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The Speech not by Andokides.

The speech is twice cited without suspicion by Harpokration: it is also named as genuine by Photios1. The biographer of Andokides does not mention it; but, in its place, mentions a Defence in reply to Phaeax2. There are traces of its ascription in antiquity both to Lysias3 and to Aeschines4. But an examination of the speech will show that it cannot have been spoken by Andokides, or written by him for the use of another; that it was probably not written by any one who lived at the time of which it treats; and that there is good reason for believing it to be the work of a late sophist.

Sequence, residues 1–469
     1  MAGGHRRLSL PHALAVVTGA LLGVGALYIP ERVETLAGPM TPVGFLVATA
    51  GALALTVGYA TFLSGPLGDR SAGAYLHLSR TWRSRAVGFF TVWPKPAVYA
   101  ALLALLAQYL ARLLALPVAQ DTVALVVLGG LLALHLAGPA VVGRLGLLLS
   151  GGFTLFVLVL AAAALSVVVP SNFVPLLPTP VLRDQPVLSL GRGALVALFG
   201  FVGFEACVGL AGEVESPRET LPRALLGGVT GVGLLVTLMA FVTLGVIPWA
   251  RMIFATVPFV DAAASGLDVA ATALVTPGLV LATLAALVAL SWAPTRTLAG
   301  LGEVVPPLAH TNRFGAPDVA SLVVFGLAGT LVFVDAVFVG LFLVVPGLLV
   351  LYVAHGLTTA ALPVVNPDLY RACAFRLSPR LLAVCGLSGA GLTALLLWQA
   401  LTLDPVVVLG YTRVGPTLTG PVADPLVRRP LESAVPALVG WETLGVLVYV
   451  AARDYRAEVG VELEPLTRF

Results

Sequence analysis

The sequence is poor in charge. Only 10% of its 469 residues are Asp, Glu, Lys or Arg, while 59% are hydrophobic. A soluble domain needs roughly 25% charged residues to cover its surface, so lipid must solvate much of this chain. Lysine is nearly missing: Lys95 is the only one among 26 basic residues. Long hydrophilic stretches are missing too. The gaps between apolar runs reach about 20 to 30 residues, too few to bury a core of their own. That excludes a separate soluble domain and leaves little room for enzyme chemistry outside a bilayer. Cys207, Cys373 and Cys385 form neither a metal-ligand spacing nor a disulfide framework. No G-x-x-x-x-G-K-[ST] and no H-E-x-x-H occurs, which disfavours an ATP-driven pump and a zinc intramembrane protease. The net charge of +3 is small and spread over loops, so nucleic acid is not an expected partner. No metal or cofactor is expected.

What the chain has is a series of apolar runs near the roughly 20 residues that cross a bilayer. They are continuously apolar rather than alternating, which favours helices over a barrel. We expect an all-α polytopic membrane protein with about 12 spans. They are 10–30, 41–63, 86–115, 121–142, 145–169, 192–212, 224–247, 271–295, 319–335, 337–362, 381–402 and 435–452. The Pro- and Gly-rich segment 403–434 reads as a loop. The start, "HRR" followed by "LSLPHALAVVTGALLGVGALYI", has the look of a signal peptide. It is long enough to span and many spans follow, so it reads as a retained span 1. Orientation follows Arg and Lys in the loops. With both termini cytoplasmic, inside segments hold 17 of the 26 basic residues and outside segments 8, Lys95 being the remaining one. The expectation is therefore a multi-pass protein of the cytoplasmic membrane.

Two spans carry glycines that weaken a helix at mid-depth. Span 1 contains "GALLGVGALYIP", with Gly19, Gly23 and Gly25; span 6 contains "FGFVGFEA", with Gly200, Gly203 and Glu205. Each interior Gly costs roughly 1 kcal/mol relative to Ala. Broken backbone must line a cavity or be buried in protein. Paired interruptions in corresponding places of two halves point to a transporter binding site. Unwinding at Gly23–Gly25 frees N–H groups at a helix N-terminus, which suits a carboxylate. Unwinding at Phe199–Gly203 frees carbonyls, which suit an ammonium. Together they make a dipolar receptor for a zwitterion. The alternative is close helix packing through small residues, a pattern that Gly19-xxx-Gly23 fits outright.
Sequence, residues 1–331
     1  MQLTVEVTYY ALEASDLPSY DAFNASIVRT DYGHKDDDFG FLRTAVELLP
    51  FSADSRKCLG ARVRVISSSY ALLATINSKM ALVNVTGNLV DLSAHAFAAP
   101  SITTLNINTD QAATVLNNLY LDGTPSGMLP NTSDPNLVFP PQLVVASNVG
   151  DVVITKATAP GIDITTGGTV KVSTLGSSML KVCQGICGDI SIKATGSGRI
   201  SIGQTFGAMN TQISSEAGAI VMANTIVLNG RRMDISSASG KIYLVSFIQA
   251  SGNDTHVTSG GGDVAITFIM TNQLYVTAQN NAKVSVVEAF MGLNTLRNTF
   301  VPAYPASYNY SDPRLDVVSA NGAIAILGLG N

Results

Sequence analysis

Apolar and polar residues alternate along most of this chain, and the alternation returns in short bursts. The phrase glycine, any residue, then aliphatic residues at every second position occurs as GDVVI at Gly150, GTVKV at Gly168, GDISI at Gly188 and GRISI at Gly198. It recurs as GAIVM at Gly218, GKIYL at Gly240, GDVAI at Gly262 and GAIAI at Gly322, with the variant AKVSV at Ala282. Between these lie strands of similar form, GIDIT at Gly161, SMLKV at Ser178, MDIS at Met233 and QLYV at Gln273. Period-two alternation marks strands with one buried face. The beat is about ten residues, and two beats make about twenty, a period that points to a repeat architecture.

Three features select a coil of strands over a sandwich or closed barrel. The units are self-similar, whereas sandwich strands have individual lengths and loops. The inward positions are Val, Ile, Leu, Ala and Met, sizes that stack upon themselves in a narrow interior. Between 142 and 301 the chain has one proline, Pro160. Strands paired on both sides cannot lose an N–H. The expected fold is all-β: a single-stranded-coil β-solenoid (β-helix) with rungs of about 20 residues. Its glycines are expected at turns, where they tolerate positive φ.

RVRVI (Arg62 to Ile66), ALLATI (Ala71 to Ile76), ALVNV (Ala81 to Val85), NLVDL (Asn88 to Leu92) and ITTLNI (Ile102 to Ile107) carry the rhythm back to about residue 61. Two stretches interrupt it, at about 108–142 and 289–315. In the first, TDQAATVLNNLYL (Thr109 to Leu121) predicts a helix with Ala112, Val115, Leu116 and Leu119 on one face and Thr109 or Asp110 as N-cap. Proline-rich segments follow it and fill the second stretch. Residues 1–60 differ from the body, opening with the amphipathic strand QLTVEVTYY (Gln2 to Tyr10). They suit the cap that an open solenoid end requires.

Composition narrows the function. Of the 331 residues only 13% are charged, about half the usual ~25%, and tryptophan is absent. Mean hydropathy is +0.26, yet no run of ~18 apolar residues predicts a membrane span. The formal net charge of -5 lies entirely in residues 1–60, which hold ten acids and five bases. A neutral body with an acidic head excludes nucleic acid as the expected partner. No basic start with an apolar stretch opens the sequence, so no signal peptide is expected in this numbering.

That Andokides spoke this speech is inconceivable. The speaker says (§ 8) that he has been four times tried; and (§ 41) that he has been ambassador to Molossia, Thesprotia, Italy and Sicily. But elsewhere, excusing himself for acts committed in the very year in which this speech is supposed to have been delivered—in 415—Andokides pleads that he was young and foolish at the time5. Moreover, no writer mentions Andokides as having been in danger of ostracism at the same time as Nikias and Alkibiades.

Nor is it credible that Andokides wrote the speech for another person—Phaeax, for instance, as Valckenär6 suggests. The style is strongly against this. It is far more artificial than anything by Andokides which we possess; it approaches, indeed, more nearly to the style of Isokrates. The formal antitheses in the proem (§§ 1—2) are a striking example of this character7.

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